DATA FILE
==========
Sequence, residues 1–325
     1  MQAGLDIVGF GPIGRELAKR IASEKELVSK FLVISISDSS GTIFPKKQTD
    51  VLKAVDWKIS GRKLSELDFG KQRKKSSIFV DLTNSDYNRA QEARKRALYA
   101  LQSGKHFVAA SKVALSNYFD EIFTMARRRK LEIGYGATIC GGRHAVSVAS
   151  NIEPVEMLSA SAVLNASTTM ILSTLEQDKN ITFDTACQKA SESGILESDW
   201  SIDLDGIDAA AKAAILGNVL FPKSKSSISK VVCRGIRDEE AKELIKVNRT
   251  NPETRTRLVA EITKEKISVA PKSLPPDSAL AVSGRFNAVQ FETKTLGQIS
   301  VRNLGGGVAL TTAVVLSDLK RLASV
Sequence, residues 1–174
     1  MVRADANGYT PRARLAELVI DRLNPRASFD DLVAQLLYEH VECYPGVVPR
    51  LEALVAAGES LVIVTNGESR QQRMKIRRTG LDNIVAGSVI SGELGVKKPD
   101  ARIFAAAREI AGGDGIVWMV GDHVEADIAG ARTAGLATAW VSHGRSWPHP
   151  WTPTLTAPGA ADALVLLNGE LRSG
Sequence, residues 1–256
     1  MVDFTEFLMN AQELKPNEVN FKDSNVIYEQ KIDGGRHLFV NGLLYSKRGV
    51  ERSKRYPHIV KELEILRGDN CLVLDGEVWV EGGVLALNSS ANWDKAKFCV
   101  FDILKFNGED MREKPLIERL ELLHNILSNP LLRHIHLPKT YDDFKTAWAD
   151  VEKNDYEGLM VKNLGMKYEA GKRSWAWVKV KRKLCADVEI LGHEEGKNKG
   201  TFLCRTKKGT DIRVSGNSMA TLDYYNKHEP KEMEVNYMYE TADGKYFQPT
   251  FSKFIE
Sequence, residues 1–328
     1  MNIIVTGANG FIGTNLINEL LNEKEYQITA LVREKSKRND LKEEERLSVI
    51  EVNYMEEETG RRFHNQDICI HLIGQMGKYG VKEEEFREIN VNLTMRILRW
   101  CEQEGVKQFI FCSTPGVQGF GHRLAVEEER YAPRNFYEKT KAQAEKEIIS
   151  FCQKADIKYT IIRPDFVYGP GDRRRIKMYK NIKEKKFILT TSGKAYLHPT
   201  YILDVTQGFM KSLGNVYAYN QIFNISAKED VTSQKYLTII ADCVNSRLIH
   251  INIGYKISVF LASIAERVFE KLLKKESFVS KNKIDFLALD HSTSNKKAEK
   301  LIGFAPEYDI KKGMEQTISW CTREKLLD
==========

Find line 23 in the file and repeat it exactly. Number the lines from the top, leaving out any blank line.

    51  EVNYMEEETG RRFHNQDICI HLIGQMGKYG VKEEEFREIN VNLTMRILRW